Moreover, UNDP also organized and hosted an international conference in Skopje that brought together representatives from twenty countries, including members from national institutions, city officials, academia, policy makers, civil society, and the private sector for a focused discussion on how we can enhance the resilience of our cities to tackle challenges like: earthquake preparedness, the impact of climate change in urban settings and making our cities and communities smarter, mode future-ready, greener and humane.
Our team also tried to provoke an internal UNDP discussion on the topic. We wrote two blogposts, one on the nexus of human security – solidarity – and the example of women solidarity in the aftermath of crisis: and the other on the needed solidarity for tackle the development challenges of the day.
INFORMAL PARTNERSHIP FOR SOLIDARITY
At the beginning of 2023 UNDP commenced a process of creating an informal partnership with different societal actors in North Macedonia, a loose network of enthusiastic organizations and institutions that we believed would be interested to share ideas, organize activities and processes jointly to both memorialize the 60th anniversary of the Skopje earthquake, but also to continue the conversation about the role solidarity plays in the development processes today, and how we can tap into the principle to accelerate the development of our communities, and achieve the Agenda 2030.
The informal group consists of more than thirty representatives from national and city institutions, museums, embassies and international organizations, civil society organizations and members from the academic community have regular monthly meetings to share ideas, inform members of their activities, as well as develop new processes together, either linked to the memorialization of the Skopje earthquake, or adjacent to the broader theme of solidarity in development work. Today we are happy to report that organizations that are a part of our loose network have organized activities ranging from: search and rescue demos; lectures and exhibitions; scientific conferences; publications; training programs on disaster readiness and response; rapid assessments and studies all adjacent and reinforcing this common theme of solidarity in development work.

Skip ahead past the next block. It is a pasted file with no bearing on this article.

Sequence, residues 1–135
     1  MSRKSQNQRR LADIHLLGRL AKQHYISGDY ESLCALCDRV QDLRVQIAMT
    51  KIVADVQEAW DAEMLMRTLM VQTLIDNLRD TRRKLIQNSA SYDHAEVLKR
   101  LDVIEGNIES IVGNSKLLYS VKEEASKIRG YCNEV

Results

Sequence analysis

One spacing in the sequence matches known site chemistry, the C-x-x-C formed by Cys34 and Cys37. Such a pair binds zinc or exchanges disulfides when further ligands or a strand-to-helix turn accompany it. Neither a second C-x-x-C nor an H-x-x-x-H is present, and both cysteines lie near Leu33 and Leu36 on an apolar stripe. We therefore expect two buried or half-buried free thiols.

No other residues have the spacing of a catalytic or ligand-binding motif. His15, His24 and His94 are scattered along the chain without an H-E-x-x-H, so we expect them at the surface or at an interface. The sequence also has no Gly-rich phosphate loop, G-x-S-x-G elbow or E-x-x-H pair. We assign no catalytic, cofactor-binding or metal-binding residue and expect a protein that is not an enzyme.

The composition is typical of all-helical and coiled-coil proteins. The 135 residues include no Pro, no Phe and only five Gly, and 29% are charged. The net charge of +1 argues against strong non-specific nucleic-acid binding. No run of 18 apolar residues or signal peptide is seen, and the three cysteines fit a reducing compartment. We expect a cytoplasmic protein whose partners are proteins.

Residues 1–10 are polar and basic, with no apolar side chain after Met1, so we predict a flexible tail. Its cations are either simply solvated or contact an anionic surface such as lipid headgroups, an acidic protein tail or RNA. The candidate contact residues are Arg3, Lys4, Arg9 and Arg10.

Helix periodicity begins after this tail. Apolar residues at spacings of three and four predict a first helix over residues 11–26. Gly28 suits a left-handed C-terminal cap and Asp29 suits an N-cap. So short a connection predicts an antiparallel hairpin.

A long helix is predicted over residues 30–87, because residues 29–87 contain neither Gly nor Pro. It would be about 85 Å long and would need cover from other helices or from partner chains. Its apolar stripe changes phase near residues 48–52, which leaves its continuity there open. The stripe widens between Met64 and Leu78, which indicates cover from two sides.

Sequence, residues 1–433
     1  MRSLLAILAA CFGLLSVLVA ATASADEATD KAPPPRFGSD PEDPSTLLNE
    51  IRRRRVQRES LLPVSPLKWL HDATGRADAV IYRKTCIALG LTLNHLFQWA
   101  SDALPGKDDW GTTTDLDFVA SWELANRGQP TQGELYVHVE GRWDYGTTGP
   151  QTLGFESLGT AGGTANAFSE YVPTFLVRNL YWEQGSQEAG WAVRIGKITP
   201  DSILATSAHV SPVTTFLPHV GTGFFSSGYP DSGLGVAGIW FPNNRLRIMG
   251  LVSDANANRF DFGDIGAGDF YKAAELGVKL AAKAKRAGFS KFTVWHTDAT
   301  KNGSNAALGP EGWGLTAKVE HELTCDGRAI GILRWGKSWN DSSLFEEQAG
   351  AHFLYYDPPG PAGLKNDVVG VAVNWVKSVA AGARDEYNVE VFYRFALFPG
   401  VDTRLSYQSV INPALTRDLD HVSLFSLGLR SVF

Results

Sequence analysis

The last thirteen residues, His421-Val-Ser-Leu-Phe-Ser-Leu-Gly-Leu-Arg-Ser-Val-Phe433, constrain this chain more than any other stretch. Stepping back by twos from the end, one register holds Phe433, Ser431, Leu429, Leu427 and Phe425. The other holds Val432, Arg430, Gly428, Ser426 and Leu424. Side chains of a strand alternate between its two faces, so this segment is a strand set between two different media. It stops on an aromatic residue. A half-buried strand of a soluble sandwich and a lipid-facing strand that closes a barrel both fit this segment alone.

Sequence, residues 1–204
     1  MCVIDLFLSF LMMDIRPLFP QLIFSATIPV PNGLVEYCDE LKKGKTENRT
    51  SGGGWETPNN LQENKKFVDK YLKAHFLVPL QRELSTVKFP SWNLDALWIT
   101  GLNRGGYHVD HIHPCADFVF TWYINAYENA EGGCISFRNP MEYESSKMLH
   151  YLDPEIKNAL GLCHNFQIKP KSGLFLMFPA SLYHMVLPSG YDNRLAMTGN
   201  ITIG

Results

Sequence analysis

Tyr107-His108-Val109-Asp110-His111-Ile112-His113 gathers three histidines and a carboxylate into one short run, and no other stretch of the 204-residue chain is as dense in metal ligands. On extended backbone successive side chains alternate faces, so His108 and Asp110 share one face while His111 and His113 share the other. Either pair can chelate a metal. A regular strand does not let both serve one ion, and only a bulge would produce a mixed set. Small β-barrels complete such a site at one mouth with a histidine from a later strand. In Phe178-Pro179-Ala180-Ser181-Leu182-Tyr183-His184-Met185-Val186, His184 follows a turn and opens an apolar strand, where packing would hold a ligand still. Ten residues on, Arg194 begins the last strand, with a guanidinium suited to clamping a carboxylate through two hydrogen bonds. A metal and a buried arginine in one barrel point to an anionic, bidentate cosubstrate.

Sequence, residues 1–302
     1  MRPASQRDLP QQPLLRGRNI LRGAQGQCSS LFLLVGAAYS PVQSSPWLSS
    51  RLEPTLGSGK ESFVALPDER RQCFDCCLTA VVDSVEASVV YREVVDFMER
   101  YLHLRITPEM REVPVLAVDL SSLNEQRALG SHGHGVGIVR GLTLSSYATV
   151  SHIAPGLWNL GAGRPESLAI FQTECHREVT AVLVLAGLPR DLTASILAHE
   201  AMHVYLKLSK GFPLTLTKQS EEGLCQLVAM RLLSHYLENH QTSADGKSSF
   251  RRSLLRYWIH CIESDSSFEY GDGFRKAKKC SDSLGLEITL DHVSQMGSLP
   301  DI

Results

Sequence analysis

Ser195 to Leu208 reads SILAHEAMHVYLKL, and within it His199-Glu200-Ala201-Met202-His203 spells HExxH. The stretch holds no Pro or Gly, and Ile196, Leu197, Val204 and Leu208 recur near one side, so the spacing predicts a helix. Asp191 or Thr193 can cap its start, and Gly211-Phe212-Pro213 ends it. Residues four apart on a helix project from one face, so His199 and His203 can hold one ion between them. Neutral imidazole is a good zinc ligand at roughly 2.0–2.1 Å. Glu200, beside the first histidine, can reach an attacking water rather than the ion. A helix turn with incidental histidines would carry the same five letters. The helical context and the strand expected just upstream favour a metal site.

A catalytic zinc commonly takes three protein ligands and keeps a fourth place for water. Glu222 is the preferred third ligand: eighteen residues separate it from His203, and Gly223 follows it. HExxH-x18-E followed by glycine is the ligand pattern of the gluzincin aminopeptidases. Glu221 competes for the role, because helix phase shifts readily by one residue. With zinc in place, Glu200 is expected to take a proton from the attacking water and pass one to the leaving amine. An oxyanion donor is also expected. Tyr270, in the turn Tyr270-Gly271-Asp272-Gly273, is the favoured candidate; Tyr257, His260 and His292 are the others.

What we are now hoping to do next with our informal group of partners is look beyond the memorialization activities for the 60th anniversary of the Skopje earthquake [#Skopje60 processes] and strengthen existing as well as design and implement new processes that are informed by the principle of solidarity but have the goal to accelerate development processes and the achievement of the Agenda 2030. We are confident that there is a renewed role that solidarity can play in the development of our communities, and we would like to tap and explore that potential to help us reach our aspirations reflected in the Sustainable Development Goals.